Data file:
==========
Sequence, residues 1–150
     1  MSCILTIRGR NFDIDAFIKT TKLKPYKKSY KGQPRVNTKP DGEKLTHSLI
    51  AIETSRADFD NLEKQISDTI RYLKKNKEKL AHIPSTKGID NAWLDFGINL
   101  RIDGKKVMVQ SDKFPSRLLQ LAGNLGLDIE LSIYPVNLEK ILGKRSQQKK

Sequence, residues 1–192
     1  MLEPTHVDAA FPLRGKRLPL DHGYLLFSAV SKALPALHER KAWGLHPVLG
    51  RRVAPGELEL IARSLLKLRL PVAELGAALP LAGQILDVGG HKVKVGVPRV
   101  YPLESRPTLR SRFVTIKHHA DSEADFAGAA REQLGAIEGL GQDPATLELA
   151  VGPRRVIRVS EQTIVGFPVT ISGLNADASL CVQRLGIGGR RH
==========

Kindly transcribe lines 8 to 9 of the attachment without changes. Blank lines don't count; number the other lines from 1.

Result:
   101  YPLESRPTLR SRFVTIKHHA DSEADFAGAA REQLGAIEGL GQDPATLELA
   151  VGPRRVIRVS EQTIVGFPVT ISGLNADASL CVQRLGIGGR RH